Editor’s note: This is the first in a series of blogs on the process of using artificial insemination to breed our rhinos. Please stay tuned for further updates!
March 18, 2022 Update: Rhino Uzuri recently received a dental procedure, after which we began tracking her ovaries with routine ultrasounds and collecting blood for hormone analysis. At this point, she has gotten two progesterone injections and we are tracking her follicular development. Once she reaches baseline for progesterone, we will move forward with scheduling the AI procedure.
Southern white rhinoceroses have called our Zoo home since 2003. Like our guests, we love watching these gentle giants munch on snacks, roll in the mud and roam their habitat. While it’s fun to watch them play, it’s also important to remember that their species is near threatened in their natural range due to habitat loss and human hunting.
As an Association of Zoos and Aquariums (AZA) accredited facility, we are committed to caring for not only the animals here at the Zoo, but also wildlife all over the world. It’s important to have a healthy population of southern white rhinos with long-term genetic diversity for the future of these animals.
We want to do our part in supporting this near-threatened species. After years of caring for southern white rhinos with no successful conception at our Zoo, we are turning to science to breed this critical species.
Frankie’s Big Debut
You may remember that in late 2018, we welcomed male southern white rhinoceros Frankie as part of the AZA Species Survival Plan (SSP) breeding program. Through this plan, Frankie’s genetics were determined to be a good match with our two females, 21-year-old female Uzuri and 20-year-old female Kibibi, and we crossed our fingers for baby rhinos!
Back in early 2019, our team began making changes to give our rhinos the best chance at conceiving naturally. “I worked with a nutritionist to design a program to help our females lose some extra weight they had on them and limit phytoestrogens (plant-based compounds that mimic estrogen in the body),” said Expedition Africa Supervisor Chelsea Herman. “Research showed that both of those variables can have negative impacts on the reproductive system.”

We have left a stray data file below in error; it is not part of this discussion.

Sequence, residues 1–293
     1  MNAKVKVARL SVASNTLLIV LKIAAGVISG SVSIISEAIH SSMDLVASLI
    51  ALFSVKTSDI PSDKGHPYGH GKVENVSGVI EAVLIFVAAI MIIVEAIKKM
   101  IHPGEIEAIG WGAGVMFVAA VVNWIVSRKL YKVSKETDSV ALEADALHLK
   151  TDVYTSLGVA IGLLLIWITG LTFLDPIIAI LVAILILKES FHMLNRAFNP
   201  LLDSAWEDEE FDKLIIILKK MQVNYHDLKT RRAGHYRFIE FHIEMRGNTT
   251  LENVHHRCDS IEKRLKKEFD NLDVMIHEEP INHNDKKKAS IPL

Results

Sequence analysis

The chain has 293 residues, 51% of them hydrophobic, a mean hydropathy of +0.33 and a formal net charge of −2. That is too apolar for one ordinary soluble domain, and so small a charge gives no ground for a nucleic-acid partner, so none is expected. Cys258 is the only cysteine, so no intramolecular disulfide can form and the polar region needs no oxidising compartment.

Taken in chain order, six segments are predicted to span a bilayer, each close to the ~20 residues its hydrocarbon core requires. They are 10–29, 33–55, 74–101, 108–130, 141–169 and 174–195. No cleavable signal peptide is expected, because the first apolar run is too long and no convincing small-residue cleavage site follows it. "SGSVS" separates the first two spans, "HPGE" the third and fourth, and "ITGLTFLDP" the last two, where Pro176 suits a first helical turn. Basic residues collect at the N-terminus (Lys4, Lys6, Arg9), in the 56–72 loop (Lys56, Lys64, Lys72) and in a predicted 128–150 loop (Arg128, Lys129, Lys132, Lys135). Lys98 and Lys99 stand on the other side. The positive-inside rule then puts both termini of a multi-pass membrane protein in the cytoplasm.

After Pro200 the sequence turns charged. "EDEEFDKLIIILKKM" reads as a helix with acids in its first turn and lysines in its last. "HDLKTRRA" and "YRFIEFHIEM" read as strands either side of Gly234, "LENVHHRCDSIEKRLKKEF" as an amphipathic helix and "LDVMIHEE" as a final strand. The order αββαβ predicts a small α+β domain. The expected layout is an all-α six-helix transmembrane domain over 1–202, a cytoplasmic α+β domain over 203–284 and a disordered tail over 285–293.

Several other changes were made including giving our rhinos more time to forage and exhibit natural behaviors. Our team also designed an initial training chute in the Expedition Africa barn to prepare Uzuri and Kibibi for the ultrasounds necessary to track their potential pregnancies and assess their reproductive health.
Despite seeing successful breeding between Frankie and Uzuri and Kibibi over the years, neither of the females conceived naturally.
“There is a lot of research being done on cycling issues in older southern white rhinos who have never conceived naturally, which matches our current situation,” said Chelsea.
Next Steps for Conception
After extensive research and discussions amongst staff, veterinarians and experts, we decided to explore using artificial insemination (AI). This is an assisted reproductive technology used worldwide in both humans and animals to deposit stored semen directly into an individual’s uterus. This technique allows us to best match genetics to contribute to a genetically diverse population of white rhinos.
Alternatively, our team considered working with AZA to physically move rhinos around facilities to match them for breeding (like we did with Frankie), but we ultimately decided that AI allowed us to limit stress on the animals while giving them the best chance to successfully reproduce.